Alumni News Brief

Synthesizing San Francisco

Casser turns still images into three-dimensional reconstruction of neighborhood

Vincent Casser

Vincent Casser, M.E. '19

Autonomous vehicle companies typically rely on a combination of real-world testing and simulation to advance their systems. To bridge the gap between the two, a lot of effort is put into creating advanced, virtual, 3D reconstructed counterparts of the areas in which autonomous vehicles operate. One way to create such reconstructions is to process still imagery captured by cameras into what’s known as a neural radiance field (NeRF) – essentially creating a three-dimensional image that can be viewed from all angles, including ones missing from the collection of images.

NeRFs work well for rendering objects on a small scale, but up until recently couldn’t easily be scaled up to reconstruct a neighborhood, let alone a whole city. Rendering on that scale exceeded the capability and capacity of current approaches, as well as required too many images, too much data, and excessive computing capability.

A recent graduate of the Harvard John A. Paulson School of Engineering and Applied Sciences (SEAS), Vincent Casser, M.E. ‘19, has developed a patented new method for rendering NeRFs on a scale large enough to work for autonomous vehicle simulation. Together with his teammates at Waymo, they have used 2.8 million images to create a three-dimensional representation of the Alamo Square neighborhood in San Francisco, and showed how his “Block-NeRF” method could be scaled up even further to render the entire city.

Casser is a senior research scientist at Waymo, an autonomous vehicles subsidiary of Alphabet, Google’s parent company.

“Autonomous vehicle companies have a natural limit in real-world testing,” Casser said. “Even if you’ve logged millions or even billions of miles of real-world testing, it’s important to have simulation capabilities as well so you can test the limits in every way you may want -- and do it cheaply and at scale. There’s still a disconnect between simulation and real-world appearance and behavior, so generally the closer you can get in terms of quality and scalability, the better.”

Casser’s research enables scalability by breaking down large-scale scenes into much smaller units called blocks. Each block covers an area approximately the size of one street intersection. By rendering each block as a separate NeRF, the overall rendering time is reduced, the potential size of the overall rendering is increased, and each block can then be replaced or manipulated independently to reflect changes in the environment such as construction work, or different environmental conditions, such as darkness or rain.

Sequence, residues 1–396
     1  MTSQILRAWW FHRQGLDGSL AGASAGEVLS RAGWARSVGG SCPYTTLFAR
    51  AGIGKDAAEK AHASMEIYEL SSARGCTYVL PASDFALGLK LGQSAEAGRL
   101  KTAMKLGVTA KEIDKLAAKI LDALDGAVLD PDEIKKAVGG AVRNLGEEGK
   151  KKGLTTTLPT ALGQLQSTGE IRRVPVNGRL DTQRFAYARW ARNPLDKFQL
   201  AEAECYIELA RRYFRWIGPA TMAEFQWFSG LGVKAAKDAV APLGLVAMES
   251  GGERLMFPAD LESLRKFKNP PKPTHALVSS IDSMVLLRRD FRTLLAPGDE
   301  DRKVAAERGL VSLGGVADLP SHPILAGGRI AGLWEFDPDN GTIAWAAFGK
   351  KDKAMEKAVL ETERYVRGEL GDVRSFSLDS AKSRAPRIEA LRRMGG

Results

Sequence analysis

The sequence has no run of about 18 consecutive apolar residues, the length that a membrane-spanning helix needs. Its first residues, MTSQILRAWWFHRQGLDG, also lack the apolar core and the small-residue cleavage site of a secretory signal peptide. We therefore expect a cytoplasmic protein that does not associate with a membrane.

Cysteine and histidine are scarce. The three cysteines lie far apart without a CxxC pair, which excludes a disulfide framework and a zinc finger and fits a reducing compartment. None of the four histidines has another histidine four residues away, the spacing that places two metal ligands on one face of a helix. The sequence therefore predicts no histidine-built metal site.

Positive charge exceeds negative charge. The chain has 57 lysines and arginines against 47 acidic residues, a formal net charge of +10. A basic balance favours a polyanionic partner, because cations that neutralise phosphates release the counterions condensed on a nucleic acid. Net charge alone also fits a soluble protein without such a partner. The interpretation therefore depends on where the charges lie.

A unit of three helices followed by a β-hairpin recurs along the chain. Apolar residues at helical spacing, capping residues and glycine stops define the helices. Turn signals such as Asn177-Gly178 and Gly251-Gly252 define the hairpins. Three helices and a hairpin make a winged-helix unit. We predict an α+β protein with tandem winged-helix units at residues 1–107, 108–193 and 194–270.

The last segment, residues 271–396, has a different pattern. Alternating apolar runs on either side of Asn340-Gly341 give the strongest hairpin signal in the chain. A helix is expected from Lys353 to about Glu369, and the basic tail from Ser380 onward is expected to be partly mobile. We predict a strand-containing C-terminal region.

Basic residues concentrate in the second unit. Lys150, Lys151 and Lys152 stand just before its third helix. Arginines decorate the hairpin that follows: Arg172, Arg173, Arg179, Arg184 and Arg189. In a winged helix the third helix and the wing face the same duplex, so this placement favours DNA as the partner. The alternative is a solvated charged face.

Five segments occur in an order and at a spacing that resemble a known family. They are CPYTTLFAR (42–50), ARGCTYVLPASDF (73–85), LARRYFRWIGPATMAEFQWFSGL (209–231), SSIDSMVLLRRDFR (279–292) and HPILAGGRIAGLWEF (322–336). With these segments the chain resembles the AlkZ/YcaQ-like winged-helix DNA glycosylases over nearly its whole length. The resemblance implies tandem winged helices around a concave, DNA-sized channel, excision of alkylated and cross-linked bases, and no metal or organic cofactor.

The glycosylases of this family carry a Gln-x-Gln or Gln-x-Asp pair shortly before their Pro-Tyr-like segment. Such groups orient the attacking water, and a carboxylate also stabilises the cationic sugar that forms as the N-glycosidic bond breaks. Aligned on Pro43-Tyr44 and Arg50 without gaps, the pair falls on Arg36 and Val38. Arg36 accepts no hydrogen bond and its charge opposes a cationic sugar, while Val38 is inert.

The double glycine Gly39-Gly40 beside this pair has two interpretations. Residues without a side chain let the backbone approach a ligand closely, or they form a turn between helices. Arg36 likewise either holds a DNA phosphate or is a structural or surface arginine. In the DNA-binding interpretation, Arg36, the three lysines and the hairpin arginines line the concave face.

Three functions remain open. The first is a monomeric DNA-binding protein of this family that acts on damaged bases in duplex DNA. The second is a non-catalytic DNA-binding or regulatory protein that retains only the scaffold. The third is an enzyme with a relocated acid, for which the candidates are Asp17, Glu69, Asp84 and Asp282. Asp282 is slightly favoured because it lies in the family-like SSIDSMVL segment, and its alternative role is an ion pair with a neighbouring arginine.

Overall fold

“It started off a little crude, and there were a lot of challenges to overcome,” Casser said. “We realized the potential when we really put the entire neighborhood together and had the ability to render it out and have what seemed like infinite stretches of street to traverse.”

Block-neRF rendering of a city street

An example of a Block-NeRF rendering of a city street. (U.S. patent application 63/285,980)

Collecting enough images to render a city remains a large challenge to Block-NeRF. It took 2.8 million images just to reconstruct Alamo Square. But cameras don’t need to be particularly advanced to capture the required images, as shown in related neural rendering works performing reconstruction from consumer-grade cameras and even cell phone imagery.

“Everyone has a camera on their phone,” Casser said. “It’s pretty easy to strap a camera onto a vehicle and capture images in this way. This is different from traditional mapping, where you use a laser sensor that can be more expensive and requires specialized expertise to maintain and calibrate.”

Waymo started its public, fully autonomous service in Phoenix in 2020, and has since expanded its operations to San Francisco to select members of the public. This novel Block-NeRF method could help Waymo more quickly bring its autonomous driving technology to more cities.

“You drive around capturing images, use them to build an entire 3D environment of the city, and then you can simulate certain aspects before ever driving there with an autonomous vehicle,” he said. “You can identify some problems and work out solutions before you’ve had a single car actually engaged in the city.”

Casser studied computational science and engineering at the Institute for Applied Computational Science at SEAS. He joined Google as a robotics research intern during his program at SEAS, then went to work fulltime for Waymo following graduation.

“Autonomous vehicles seemed so impactful in so many different ways, including helping people with disabilities, safer transportation, improved mobility, sustainability and the environment, and urban planning,” Casser said. “I found that potential really motivating, and it also makes me really happy to see the product. When you work in robotics, you have these physical embodiments of your work. I use our Waymo One service regularly when I’m in San Francisco, and it really motivates me to see how our system just keeps improving.”

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